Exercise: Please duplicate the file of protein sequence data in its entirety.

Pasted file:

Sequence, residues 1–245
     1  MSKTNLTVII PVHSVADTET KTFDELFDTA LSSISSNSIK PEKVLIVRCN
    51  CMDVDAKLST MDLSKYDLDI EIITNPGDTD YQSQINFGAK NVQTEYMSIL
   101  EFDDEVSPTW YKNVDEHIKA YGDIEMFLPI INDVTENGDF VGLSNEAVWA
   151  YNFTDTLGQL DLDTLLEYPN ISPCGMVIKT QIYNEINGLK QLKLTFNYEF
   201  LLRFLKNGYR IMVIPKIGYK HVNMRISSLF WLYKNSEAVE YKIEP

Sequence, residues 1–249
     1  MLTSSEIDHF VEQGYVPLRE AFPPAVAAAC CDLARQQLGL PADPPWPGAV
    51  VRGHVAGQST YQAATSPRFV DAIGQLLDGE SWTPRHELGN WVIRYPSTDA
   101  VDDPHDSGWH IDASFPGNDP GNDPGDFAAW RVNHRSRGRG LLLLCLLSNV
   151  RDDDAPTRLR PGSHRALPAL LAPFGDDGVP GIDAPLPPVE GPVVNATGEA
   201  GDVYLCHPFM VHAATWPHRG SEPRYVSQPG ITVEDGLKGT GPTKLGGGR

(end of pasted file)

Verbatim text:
Sequence, residues 1–245
     1  MSKTNLTVII PVHSVADTET KTFDELFDTA LSSISSNSIK PEKVLIVRCN
    51  CMDVDAKLST MDLSKYDLDI EIITNPGDTD YQSQINFGAK NVQTEYMSIL
   101  EFDDEVSPTW YKNVDEHIKA YGDIEMFLPI INDVTENGDF VGLSNEAVWA
   151  YNFTDTLGQL DLDTLLEYPN ISPCGMVIKT QIYNEINGLK QLKLTFNYEF
   201  LLRFLKNGYR IMVIPKIGYK HVNMRISSLF WLYKNSEAVE YKIEP

Sequence, residues 1–249
     1  MLTSSEIDHF VEQGYVPLRE AFPPAVAAAC CDLARQQLGL PADPPWPGAV
    51  VRGHVAGQST YQAATSPRFV DAIGQLLDGE SWTPRHELGN WVIRYPSTDA
   101  VDDPHDSGWH IDASFPGNDP GNDPGDFAAW RVNHRSRGRG LLLLCLLSNV
   151  RDDDAPTRLR PGSHRALPAL LAPFGDDGVP GIDAPLPPVE GPVVNATGEA
   201  GDVYLCHPFM VHAATWPHRG SEPRYVSQPG ITVEDGLKGT GPTKLGGGR